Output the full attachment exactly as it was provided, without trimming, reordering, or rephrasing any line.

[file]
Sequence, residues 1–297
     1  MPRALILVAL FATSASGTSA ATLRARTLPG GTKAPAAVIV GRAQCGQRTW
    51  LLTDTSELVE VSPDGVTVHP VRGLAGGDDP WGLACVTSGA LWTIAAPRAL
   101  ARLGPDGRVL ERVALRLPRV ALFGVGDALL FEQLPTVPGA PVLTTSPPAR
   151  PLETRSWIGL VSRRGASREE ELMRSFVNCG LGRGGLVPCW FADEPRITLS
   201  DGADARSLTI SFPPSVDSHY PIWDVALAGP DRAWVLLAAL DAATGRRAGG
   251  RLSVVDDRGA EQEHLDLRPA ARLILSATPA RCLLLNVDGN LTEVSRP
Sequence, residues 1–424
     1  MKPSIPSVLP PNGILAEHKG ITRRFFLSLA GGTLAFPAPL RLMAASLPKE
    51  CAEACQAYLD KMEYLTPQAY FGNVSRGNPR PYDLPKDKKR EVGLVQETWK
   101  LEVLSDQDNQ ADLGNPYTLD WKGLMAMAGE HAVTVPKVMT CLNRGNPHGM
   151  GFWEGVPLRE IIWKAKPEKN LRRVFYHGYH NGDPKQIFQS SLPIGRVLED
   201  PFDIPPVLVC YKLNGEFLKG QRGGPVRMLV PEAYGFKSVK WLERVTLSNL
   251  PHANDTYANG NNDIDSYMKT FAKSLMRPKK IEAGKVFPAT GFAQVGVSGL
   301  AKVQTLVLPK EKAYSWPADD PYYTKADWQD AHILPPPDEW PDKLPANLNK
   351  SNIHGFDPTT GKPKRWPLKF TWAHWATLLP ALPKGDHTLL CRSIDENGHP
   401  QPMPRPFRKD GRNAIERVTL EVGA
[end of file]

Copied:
Sequence, residues 1–297
     1  MPRALILVAL FATSASGTSA ATLRARTLPG GTKAPAAVIV GRAQCGQRTW
    51  LLTDTSELVE VSPDGVTVHP VRGLAGGDDP WGLACVTSGA LWTIAAPRAL
   101  ARLGPDGRVL ERVALRLPRV ALFGVGDALL FEQLPTVPGA PVLTTSPPAR
   151  PLETRSWIGL VSRRGASREE ELMRSFVNCG LGRGGLVPCW FADEPRITLS
   201  DGADARSLTI SFPPSVDSHY PIWDVALAGP DRAWVLLAAL DAATGRRAGG
   251  RLSVVDDRGA EQEHLDLRPA ARLILSATPA RCLLLNVDGN LTEVSRP
Sequence, residues 1–424
     1  MKPSIPSVLP PNGILAEHKG ITRRFFLSLA GGTLAFPAPL RLMAASLPKE
    51  CAEACQAYLD KMEYLTPQAY FGNVSRGNPR PYDLPKDKKR EVGLVQETWK
   101  LEVLSDQDNQ ADLGNPYTLD WKGLMAMAGE HAVTVPKVMT CLNRGNPHGM
   151  GFWEGVPLRE IIWKAKPEKN LRRVFYHGYH NGDPKQIFQS SLPIGRVLED
   201  PFDIPPVLVC YKLNGEFLKG QRGGPVRMLV PEAYGFKSVK WLERVTLSNL
   251  PHANDTYANG NNDIDSYMKT FAKSLMRPKK IEAGKVFPAT GFAQVGVSGL
   301  AKVQTLVLPK EKAYSWPADD PYYTKADWQD AHILPPPDEW PDKLPANLNK
   351  SNIHGFDPTT GKPKRWPLKF TWAHWATLLP ALPKGDHTLL CRSIDENGHP
   401  QPMPRPFRKD GRNAIERVTL EVGA